Unfortunate, tragic occurrences can happen in life without warning. Accidents, illness, and even death can happen at any time. In Pennsylvania, there are a number of methods by which you can protect yourself and your loved ones from the ramifications of these situations.

In the following article, we will discuss the three (3) fundamental estate planning documents that every person should have.

Wills

A Last Will and Testament, commonly referred to as a “Will,” is a legal document that provides in writing a blueprint for the distribution of your assets to your heirs after you die.

The Will has a few basic components. First it identifies you, and that this document is your Will. It will also identify your heirs and beneficiaries, and how any debts, including funeral expenses should be handled. Most importantly, a Will identifies who your Executor will be. An Executor is the person who is authorized by your Will to gather your assets and pay your debts, and to distribute your assets according to your wishes.

If you die without a Will, Pennsylvania has a statutory scheme which divides up your assets based on the relationship people have to you (parents, children, siblings, nephews/nieces, aunts/uncles, etc.). By having a Will, you assume control over how you your affairs are handled after you die.

Financial Power of Attorney

A Financial Power of Attorney is a legal document that authorizes a person to handle your financial affairs while you are still alive. By appointing a financial agent, you are protecting yourself if you were to become incapacitated, even temporarily. The Financial Power of Attorney has the authority to handle your mortgage payments, rent, bank accounts, stock, credit cards, and so forth, if you wish them to do so, and without your involvement if you are unable to assist. Your financial agent can handle your fiscal affairs and ensure that there is no interruption in your finances.

Advanced Healthcare Directive (Healthcare Power of Attorney)

A Healthcare Power of Attorney appoints a Healthcare Agent to make medical decisions for you in the scenario where you cannot make medical decisions for yourself (i.e., coma, unconscious, or unable to express your wishes). It authorizes your Healthcare Agent to make determinations as to what treatment you are receiving, including surgery, among other things. By appointing a Healthcare Agent, you are ensuring that there is a living person who is your medical advocate who, in consultation with whatever medical providers you have, determines when and what treatment you should receive.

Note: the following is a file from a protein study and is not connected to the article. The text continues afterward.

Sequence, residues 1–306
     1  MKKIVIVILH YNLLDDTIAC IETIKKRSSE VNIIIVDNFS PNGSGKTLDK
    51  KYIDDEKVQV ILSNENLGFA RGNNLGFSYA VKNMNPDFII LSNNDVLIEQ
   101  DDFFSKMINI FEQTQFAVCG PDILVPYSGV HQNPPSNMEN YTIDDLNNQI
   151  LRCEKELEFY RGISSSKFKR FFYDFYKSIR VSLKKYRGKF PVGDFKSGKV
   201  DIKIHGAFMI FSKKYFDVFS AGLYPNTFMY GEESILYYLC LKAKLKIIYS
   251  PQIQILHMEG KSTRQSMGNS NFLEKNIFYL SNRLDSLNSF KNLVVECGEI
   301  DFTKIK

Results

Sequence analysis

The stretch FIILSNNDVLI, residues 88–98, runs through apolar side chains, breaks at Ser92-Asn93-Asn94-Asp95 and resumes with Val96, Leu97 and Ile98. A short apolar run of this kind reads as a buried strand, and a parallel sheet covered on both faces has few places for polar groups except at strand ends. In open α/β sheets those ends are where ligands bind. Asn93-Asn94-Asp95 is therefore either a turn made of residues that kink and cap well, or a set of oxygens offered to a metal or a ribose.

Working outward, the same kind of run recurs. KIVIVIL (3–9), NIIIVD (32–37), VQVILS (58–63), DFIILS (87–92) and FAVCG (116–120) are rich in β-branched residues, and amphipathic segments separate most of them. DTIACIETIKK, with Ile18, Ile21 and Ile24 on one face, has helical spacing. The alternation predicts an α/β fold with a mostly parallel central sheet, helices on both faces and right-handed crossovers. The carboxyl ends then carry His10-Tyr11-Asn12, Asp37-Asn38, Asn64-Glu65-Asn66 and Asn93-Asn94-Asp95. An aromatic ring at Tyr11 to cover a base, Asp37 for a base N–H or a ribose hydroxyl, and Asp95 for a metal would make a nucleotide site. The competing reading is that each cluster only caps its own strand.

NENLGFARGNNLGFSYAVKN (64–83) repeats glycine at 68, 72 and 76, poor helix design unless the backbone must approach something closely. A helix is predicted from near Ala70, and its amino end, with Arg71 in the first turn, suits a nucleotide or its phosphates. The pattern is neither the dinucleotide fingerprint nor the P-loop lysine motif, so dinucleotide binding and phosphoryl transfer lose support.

Living Will (as part of the Health Care Power of Attorney)

A Living Will, in general terms, is a document that applies if you are in an end-stage medical condition with no significant hope of recovery or permanently unconscious, and you are unable to communicate regarding your medical treatment. In that scenario, your Living Will “speaks” on your behalf by detailing in writing what your medical wishes are when you cannot communicate them yourself. It can state that it is your wish that you do not receive any further life-sustaining treatment in the event of the above conditions being present and confirmed. At OWM Law, the Living Will or Advance Directive is drafted in conjunction with the Healthcare Power of Attorney so that your Healthcare Agent can advocate for you regarding the wishes expressed in your Living Will. Having your end-stage treatment wishes expressed relieves your family of the burden of making those decisions for you in a difficult situation.

Conclusion

It is important to plan for situations in which you may not be able to make decisions for yourself and ultimately, what should be done with your property when you die. When making these Estate Planning decisions, you should consult with a law firm that practices in this area of law, such as O’Donnell, Weiss and Mattei, P.C. (610) 323-2800, so that you receive advice on the best way to manage your affairs and to plan for situations in which you cannot make decisions for yourself, both medically and financially.

— Written by Thomas P. McCabe, Esq.

DISCLAIMER: The contents of this blog are not legal advice, and are not to be used for that purpose. If you charged with a criminal offense or need help with a civil matter, you should contact a lawyer immediately in the order to ensure that your rights are protected. Thomas P. McCabe, Esquire is a licensed Pennsylvania lawyer, and does not purport to comment on any other jurisdiction in the United States of America.

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